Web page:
SPIRITUAL BELIEF

One of Albert Einstein’s greatest contributions was his ability to understand that science and spirituality are one process… And the more science advances, the deeper our appreciation of spiritual awareness becomes… He revered the vast intelligence of the universe as being beyond anything our limited mind could comprehend.

Science without religion is lame. Religion without science is blind.

My religion consists of a humble admiration of the illimitable superior spirit who reveals himself in the slight details we are able to perceive with our frail and feeble mind.

The further the spiritual evolution of mankind advances, the more certain it seems to me that the path to genuine religiosity does not lie through the fear of life, and the fear of death, and blind faith, but through striving after rational knowledge.

Every one who is seriously involved in the pursuit of science becomes convinced that a spirit is manifest in the laws of the Universe-a spirit vastly superior to that of man, and one in the face of which we with our modest powers must feel humble.

The scientists’ religious feeling takes the form of a rapturous amazement at the harmony of natural law, which reveals an intelligence of such superiority that, compared with it, all the systematic thinking and acting of human beings is an utterly insignificant reflection.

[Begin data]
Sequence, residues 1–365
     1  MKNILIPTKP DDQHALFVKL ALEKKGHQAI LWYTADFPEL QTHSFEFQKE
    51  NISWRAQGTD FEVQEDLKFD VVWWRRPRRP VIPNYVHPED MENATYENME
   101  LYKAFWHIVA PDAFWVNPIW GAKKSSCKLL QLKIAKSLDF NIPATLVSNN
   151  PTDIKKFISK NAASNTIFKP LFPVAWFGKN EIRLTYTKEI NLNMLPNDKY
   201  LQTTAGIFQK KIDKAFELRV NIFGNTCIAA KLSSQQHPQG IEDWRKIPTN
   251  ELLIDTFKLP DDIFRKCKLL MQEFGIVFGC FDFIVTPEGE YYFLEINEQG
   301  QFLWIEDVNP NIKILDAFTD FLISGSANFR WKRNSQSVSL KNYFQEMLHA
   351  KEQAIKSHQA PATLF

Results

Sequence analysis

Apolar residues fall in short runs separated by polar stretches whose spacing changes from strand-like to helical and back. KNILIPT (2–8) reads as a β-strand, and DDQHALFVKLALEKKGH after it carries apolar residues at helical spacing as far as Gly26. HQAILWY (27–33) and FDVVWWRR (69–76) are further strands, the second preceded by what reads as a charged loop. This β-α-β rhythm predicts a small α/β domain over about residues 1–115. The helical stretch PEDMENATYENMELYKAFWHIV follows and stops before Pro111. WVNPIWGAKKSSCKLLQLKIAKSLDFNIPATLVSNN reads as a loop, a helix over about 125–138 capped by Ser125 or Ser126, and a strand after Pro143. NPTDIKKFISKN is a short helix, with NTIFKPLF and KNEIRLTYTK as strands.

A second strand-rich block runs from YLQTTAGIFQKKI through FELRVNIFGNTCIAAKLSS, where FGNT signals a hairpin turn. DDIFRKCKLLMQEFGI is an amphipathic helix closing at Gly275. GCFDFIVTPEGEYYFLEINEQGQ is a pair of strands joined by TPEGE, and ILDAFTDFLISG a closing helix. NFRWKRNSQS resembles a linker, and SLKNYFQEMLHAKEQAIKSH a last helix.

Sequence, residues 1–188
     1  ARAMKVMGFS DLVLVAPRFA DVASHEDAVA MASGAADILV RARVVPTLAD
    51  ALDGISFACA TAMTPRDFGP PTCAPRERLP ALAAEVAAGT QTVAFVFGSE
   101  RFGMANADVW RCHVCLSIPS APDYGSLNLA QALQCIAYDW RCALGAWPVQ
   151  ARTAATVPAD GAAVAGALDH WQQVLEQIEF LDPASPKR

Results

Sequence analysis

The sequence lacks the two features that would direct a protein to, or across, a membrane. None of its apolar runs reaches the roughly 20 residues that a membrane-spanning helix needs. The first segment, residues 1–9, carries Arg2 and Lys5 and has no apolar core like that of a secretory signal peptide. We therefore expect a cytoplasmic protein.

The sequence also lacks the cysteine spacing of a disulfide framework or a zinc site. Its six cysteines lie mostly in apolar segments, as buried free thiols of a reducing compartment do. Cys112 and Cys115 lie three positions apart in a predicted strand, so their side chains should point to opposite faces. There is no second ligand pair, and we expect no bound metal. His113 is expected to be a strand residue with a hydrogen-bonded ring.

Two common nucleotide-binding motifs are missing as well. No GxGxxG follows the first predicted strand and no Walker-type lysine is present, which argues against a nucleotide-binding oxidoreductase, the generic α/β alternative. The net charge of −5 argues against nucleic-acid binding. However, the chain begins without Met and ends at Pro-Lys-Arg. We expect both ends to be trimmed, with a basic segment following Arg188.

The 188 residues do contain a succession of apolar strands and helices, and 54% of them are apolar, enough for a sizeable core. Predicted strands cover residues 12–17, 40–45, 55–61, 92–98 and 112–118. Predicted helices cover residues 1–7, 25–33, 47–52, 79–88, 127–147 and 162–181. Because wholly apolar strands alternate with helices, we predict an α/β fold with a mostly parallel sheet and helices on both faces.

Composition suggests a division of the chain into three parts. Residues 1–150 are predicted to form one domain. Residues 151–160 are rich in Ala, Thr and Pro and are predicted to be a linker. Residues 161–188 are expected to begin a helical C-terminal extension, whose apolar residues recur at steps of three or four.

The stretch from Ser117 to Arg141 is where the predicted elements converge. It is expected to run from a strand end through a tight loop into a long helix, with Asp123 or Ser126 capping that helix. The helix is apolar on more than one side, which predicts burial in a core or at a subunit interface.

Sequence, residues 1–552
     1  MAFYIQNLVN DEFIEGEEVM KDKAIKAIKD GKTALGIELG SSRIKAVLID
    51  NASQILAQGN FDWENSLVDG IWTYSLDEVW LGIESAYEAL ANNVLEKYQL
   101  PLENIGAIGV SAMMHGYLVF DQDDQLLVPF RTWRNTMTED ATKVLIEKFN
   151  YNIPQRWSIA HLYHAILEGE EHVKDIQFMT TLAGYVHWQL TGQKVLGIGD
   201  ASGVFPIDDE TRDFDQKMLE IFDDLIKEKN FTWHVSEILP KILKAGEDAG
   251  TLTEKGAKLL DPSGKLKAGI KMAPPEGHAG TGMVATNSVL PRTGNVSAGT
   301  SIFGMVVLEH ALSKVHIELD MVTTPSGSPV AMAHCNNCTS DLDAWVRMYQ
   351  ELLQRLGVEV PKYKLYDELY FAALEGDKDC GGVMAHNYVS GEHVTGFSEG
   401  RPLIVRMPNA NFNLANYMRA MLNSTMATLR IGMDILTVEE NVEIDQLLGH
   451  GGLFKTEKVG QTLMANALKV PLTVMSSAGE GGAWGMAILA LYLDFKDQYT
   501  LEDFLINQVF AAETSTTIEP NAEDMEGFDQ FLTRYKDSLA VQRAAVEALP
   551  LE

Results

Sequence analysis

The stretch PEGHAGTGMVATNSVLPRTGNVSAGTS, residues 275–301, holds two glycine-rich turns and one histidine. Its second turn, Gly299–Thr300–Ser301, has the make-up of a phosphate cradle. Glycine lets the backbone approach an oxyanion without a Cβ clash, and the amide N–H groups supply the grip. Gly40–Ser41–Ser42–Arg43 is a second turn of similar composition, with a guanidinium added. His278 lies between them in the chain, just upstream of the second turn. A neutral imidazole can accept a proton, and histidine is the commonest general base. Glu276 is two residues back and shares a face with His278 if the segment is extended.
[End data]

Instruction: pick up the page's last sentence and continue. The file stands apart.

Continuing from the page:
The most beautiful thing we can experience is the mysterious; It is the source of all true art and science.

We should take care not to make the intellect our god; it has, of course, powerful muscles, but no personality.

Whoever undertakes to set himself up as a judge of Truth and Knowledge is shipwrecked by the laughter of the Gods.

When the solution is simple, God is answering.

God does not play dice with the universe.

God is subtle but he is not malicious.

The human mind is not capable of grasping the Universe. We are like a little child entering a huge library. The walls are covered to the ceilings with books in many different tongues. The child knows that someone must have written these books. It does not know who or how. It does not understand the languages in which they are written. But the child notes a definite plan in the arrangement of the books—-a mysterious order which it does not comprehend, but only dimly suspects.

What I see in Nature is a magnificent structure that we can comprehend only very imperfectly, and that must fill a thinking person with a feeling of humility. This is a genuinely religious feeling that has nothing to do with mysticism.

The finest emotion of which we are capable is the mystic emotion. Herein lies the germ of all art and all true science. Anyone to whom this feeling is alien, who is no longer capable of wonderment and lives in a state of fear is a dead man. To know that what is impenetrable for us really exists and manifests itself as the highest wisdom and the most radiant beauty, whose gross forms alone are intelligible to our poor faculties – this knowledge, this feeling … that is the core of the true religious sentiment. In this sense, and in this sense alone, I rank myself among profoundly religious men.